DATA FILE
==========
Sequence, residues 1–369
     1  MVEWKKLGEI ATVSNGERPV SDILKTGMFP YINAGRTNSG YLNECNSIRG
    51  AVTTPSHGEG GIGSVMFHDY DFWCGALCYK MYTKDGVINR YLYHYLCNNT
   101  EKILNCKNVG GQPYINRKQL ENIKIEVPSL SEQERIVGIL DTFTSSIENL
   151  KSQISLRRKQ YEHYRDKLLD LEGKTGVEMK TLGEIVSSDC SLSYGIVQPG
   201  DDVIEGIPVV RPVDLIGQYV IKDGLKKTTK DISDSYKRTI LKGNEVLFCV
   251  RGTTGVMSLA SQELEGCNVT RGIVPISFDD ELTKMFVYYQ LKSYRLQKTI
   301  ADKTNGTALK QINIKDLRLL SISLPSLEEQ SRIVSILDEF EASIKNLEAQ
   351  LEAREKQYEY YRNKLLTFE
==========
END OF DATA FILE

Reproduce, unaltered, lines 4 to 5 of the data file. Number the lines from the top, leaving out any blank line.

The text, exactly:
   101  EKILNCKNVG GQPYINRKQL ENIKIEVPSL SEQERIVGIL DTFTSSIENL
   151  KSQISLRRKQ YEHYRDKLLD LEGKTGVEMK TLGEIVSSDC SLSYGIVQPG